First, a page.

Version tested: Xbox 360
If you enjoy Stacking, you probably have amnesia to thank for it. It's a condition games have been exploiting for years, but with Double Fine's latest, the connections are a little more imaginative than usual. In most games, memory loss simply means that your grunty protagonist has woken up in a motel room and forgotten how to double jump. This time, however, the roots lie a lot deeper.
Actually, they lie with something called Amnesia Fortnights, an idea Double Fine boss Tim Schafer came up with to motivate his team during the endless slog of long projects. The concept's simple (and you can try it at home, if you're peculiarly motivated and have access to your own game engine and pipeline): put aside what you're working on right now, split into creative little groups, and spend two weeks building a prototype for a brand new game.
It can be whatever you would like it to be, the odder the better: just clear your mind and make that one thing you most want to make. Oh yes, and try to forget everything you know about how games should work.
Two games in, and it's apparent that most of Double Fine's energy has been spent on forgetting how games should look rather than how they actually play, but it's a process that's still given the team the space to create some distinct and charming experiences. Costume Quest may have been a fairly traditional turn-based RPG when you pulled it apart, but it arrived dressed up as a Charlie Brown holiday special, and wove its sweet adventure around the wonky eaves and sodium glare of an adorable suburban neighbourhood.
Now Stacking offers players a recognisable blend of puzzle and adventure game, but not before pitching them head-first into a world of fretful Russian dolls and 1930s immigrant pluck. Look at a screenshot for this one and you're not going to mistake it for many other games. How often can you say that these days? "Is it Mass Effect which features a bunch of anthropomorphic matryoshkas titting about on a Borrowers-style ocean liner? Or is it Spider-Man: Shattered Dimensions?"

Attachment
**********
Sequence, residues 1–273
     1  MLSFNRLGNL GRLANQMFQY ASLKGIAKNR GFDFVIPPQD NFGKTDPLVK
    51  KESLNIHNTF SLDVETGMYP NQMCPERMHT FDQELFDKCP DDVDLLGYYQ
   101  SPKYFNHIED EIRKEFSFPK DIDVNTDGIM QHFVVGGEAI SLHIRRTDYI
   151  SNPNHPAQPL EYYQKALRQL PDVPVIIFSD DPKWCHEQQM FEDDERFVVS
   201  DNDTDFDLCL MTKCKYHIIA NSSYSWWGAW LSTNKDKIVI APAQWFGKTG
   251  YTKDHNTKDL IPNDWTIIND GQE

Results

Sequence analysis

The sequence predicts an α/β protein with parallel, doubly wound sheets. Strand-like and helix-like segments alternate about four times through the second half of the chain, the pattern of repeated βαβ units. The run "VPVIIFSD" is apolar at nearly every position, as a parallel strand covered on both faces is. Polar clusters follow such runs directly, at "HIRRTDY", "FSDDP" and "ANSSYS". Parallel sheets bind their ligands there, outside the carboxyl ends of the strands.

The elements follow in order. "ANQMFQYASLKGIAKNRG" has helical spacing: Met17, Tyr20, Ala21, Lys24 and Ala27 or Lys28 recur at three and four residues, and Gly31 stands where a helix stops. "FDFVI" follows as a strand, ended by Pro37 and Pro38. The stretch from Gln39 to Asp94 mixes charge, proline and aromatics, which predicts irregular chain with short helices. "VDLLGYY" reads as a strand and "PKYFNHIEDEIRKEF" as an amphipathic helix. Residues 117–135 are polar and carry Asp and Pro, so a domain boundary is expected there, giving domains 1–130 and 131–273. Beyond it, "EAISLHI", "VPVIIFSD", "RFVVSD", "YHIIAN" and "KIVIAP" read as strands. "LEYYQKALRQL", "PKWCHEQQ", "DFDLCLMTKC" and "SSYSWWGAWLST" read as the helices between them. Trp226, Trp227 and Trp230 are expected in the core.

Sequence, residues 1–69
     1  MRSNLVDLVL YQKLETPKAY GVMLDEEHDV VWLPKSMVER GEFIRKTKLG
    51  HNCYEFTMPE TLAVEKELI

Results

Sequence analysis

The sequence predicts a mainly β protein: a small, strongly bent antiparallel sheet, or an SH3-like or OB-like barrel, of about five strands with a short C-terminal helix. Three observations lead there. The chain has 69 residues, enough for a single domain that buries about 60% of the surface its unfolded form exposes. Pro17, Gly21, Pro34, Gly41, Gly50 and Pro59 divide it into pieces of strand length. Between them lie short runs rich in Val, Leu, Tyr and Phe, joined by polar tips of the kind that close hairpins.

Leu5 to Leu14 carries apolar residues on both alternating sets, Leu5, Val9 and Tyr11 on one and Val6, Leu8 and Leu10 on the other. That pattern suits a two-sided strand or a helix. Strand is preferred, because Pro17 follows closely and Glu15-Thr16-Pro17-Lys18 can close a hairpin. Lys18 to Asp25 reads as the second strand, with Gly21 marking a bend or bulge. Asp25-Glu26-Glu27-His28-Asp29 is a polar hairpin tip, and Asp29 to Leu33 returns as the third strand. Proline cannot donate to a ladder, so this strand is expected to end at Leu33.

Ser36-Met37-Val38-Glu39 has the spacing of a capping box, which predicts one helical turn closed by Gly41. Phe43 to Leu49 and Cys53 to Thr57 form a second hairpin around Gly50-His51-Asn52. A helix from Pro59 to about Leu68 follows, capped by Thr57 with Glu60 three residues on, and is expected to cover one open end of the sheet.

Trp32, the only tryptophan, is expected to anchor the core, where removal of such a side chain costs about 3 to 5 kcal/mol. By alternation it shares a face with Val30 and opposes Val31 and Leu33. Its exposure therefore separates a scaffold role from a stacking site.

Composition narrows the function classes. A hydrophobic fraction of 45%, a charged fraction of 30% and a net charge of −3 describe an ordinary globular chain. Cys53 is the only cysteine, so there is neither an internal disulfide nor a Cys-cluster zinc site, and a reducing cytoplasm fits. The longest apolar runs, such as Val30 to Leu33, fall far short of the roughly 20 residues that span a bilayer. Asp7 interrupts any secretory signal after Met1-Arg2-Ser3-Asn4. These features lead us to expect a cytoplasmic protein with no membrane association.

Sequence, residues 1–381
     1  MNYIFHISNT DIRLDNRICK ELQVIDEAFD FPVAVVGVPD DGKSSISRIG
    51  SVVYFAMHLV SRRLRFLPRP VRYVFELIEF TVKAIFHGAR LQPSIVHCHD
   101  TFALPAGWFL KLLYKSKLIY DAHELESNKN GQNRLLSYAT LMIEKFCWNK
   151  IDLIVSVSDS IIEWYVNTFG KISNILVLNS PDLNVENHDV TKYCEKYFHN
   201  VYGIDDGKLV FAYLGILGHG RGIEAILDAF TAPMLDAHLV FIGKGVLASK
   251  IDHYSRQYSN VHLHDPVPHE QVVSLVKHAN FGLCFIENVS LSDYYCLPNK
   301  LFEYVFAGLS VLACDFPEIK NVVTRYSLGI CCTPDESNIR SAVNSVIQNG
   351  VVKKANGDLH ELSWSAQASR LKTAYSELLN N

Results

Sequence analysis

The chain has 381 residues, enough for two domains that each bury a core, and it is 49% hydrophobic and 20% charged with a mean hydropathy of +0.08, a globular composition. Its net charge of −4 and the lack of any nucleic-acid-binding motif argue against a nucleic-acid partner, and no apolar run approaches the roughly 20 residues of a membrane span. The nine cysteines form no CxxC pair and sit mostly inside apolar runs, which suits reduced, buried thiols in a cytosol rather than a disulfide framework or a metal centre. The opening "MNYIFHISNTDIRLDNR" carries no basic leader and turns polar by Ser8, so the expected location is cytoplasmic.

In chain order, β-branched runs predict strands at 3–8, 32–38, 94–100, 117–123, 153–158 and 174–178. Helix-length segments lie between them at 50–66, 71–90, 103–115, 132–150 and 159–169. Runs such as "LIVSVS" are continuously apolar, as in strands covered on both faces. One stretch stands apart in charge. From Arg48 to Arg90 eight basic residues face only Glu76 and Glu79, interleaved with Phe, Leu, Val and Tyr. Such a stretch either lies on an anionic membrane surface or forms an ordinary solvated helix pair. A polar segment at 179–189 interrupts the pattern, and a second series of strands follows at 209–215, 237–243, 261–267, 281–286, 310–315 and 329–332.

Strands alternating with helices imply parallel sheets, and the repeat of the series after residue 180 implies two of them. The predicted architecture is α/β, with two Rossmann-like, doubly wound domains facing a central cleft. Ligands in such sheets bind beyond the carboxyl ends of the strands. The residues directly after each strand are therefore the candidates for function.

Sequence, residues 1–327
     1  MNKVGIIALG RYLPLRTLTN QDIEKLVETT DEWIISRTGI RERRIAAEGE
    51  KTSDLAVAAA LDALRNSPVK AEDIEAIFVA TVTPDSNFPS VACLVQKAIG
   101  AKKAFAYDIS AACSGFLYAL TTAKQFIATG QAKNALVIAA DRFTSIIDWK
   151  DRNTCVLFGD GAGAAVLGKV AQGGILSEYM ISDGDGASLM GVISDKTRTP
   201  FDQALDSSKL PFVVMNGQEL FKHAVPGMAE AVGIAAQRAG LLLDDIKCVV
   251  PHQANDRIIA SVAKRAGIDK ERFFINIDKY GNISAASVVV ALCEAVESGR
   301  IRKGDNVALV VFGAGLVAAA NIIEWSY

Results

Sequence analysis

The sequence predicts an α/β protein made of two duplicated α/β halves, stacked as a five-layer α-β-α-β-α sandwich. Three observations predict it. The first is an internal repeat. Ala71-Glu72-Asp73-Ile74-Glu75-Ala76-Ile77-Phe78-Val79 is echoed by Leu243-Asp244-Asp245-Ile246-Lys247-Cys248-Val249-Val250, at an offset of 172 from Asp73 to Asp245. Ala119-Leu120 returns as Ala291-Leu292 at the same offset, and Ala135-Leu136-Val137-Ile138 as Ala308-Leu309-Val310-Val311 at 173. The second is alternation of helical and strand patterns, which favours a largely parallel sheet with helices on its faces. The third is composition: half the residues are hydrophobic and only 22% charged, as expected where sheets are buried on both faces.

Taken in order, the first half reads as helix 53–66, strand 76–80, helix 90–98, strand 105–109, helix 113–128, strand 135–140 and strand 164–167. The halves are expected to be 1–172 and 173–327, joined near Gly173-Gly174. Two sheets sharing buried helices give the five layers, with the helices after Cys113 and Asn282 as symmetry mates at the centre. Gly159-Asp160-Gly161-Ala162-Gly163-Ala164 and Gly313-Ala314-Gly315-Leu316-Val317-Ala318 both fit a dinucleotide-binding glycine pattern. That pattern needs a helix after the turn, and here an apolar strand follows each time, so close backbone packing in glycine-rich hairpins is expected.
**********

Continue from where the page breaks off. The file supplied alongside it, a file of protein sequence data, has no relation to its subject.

With Stacking, the story and the bizarre, charming visual approach work together, with the former tucked snugly inside the latter. Playing as Charlie Blackmore, the littlest doll in the whole world, you explore a silent-movie landscape of chittering projector screens, filigreed title cards and warm sepia tones. The soundtrack is oozing violin and tinkling piano, while the story is one of poverty, child labour, and gentle rebellion.
Charlie's the runt of the Blackmore clan, which means he's left behind when the larger members of his family are kidnapped by an evil industrialist known as the Baron. It also makes him perfectly suited to rescue them, however, as he can stack himself inside any other dolls he encounters and inherit their special powers. With this simple agenda, the path is set for an adventure built from comic set-pieces and light mischief – and Stacking rarely disappoints.
The puzzles tend to be fairly simple. Often you'll find you've solved one by accident when you thought you were just exploring the options available to you, but a predictable range of locked-door and kidnapped-ally brainteasers are enlivened by the story, which dresses the scenarios up in everything from monkey-powered jalopy races to strike-breaking and jokes about the Hindenburg (too soon?).
For the most part, the key to any solution is finding the right doll – or combination of dolls – and using their powers in sequence. A magician might be able to vanish away a valuable object, while a guard can be lured from his post by a sexy lady – even when that sexy lady's made out of wood. Dolls come in various sizes, adding a gentle tactical element to your attempts to possess them, and half the fun comes from simply jumping around and trying out their specific skills, which include everything from mummifying enemies to vomiting up cookies, flying, and clearing out chimneys.
Meanwhile, the world they inhabit is a wonderfully crafted place, delivering the echoing grandeur of 1930s architecture and sooty technology with the home-made ingenuity of LittleBigPlanet. This is a game that rewards looking closely at things; if you do, you'll discover that balustrades are made from wobbly lines of matches, boats come with lolly-stick decks, and the battered edges of reinforced doors reveal that they're cut from cardboard rather than steel.
Factor in a detailed, optional hint system and Stacking's never a particularly difficult game to work through, but the emphasis isn't on solving the series of gentle problems you're faced with so much as trying to find all of the possible solutions available – a design that actively encourages a second play-through and an addled imagination. It makes for a short but wide adventure, with each of the handful of rambling environments packed with optional extras, including secondary challenges, special dolls to track down, sets to collect and Hi-Jinks, which are cryptic little tasks that reward unusual use of certain abilities.
As downloads go, this is generous and imaginative, then, and the richness of the world is more than enough to make up for an occasionally tricksy camera, a fair amount of backtracking and a tendency to pad things out as it heads towards the final act. Stacking's sweet, thoughtful, and perfect to play if you're bored of the usual videogame destinations. When it comes to games, then, what you forget can be as important as the things you remember.
8 / 10